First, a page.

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This is very encouraging news from the BBC this morning http://www.bbc.co.uk/news/science-environment-22820162. The Marine Stewardship Council has announced that Atlantic cod stocks will reach sustainable levels within years rather than decades. The history of cod is really fascinating and one of my favourite books is 'Cod' by Mark Kurlansky.

The book's prologue is an account of a fishing trip with fisherman from Petty Harbour, Newfoundland. At the time of writing Petty Harbour was one of the only legal fisheries on the Newfoundland coast  The men speak about the cod with respect, you get a real sense that they care about the fish, but also with sadness and frustration at the decline of cod stocks. The men found extra work by carrying out monitoring surveys of the cod population for researchers. I have used this prologue with A Level students when teaching about sustainability. The book is extremely well written and turns what could be a dry subject (excuse the pun) into a thoroughly engaging story.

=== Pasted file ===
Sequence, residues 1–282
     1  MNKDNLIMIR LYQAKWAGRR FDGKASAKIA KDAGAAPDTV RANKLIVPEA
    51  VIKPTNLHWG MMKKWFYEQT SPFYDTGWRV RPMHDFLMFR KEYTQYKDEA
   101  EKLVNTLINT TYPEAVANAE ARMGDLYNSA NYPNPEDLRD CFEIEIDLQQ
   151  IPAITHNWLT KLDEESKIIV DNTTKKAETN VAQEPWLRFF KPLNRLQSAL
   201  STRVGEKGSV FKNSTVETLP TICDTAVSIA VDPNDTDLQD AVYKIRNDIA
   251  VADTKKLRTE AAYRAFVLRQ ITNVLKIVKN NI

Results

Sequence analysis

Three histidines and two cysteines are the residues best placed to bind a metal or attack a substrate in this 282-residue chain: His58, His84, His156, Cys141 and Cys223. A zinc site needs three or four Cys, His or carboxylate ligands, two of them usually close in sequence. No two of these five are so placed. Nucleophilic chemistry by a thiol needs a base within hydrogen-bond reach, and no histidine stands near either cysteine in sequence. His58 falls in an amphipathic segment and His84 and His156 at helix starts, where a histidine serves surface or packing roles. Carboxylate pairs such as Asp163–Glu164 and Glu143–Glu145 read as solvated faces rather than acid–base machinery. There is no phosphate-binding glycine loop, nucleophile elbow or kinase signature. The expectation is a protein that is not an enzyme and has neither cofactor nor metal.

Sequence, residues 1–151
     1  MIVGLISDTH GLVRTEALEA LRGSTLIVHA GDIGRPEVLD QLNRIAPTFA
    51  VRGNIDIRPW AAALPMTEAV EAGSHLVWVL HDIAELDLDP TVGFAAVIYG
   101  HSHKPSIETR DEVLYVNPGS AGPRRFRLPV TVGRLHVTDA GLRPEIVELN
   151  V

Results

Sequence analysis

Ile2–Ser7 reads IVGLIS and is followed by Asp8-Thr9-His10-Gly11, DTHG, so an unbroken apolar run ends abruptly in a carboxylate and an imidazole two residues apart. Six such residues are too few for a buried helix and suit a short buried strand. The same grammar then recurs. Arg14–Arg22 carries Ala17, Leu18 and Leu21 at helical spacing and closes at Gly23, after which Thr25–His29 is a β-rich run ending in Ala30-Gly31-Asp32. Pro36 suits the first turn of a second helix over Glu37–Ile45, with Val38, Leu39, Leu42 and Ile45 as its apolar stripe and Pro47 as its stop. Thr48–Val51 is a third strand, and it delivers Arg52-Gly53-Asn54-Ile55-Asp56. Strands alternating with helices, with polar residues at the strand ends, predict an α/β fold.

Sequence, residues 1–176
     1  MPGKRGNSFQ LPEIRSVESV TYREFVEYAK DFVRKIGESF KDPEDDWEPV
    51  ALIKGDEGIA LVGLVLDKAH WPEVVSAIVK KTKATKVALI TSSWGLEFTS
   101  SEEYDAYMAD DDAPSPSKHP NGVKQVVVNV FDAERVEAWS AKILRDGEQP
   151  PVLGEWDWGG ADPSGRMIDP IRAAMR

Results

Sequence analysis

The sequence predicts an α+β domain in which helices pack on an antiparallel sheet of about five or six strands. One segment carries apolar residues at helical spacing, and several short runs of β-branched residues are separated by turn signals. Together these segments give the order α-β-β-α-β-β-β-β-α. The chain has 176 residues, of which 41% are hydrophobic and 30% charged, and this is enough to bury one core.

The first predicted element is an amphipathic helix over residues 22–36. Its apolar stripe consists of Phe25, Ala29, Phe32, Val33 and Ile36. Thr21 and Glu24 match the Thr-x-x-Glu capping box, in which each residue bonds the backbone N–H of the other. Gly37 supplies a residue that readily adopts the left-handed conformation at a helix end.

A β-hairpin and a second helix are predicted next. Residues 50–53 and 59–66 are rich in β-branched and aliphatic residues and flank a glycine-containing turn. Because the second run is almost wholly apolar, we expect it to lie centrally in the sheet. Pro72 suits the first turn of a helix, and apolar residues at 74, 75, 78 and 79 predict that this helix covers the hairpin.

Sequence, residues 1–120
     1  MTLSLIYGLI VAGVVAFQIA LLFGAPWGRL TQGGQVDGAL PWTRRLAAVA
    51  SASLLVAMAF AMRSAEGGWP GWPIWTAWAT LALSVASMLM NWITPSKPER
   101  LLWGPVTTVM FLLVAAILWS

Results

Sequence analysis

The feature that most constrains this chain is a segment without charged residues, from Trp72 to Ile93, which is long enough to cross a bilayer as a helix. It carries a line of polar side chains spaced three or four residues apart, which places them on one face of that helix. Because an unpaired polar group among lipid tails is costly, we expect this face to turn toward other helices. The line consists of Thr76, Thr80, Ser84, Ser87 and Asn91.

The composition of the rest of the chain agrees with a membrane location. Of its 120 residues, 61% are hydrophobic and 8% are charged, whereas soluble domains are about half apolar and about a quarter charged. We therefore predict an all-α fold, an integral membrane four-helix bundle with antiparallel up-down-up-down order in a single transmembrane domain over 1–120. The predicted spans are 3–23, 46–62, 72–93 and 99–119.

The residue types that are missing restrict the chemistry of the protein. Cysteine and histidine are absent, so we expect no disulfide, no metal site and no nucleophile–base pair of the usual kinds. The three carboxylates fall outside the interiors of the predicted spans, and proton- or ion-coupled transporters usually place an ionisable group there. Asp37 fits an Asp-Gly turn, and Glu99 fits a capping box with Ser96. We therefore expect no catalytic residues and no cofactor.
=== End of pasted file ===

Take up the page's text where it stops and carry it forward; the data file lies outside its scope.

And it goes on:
Our relationship with fish is a funny one. As a nation we only really eat 3 or 4 species, which is madness when you consider the wealth of our fishing resources. Hugh's fish fight was a successful campaign to end the practice of 'discards', a symptom of our appetite for a limited number of species and the quota system forced upon fisherman by the Common Fisheries Policy (CFP). Perfectly healthy fish were being thrown back into the sea, dead, because the fisherman had already caught their fill of that species, or the species wasn't marketable. Footage of this happening is one of the few things that has ever . The fish fight campaign called for an end to discards and increased awareness of other species. In May this year key reforms to the CFP were announced http://www.bbc.co.uk/news/world-europe-22717796

All in all things are looking up for fish.

 



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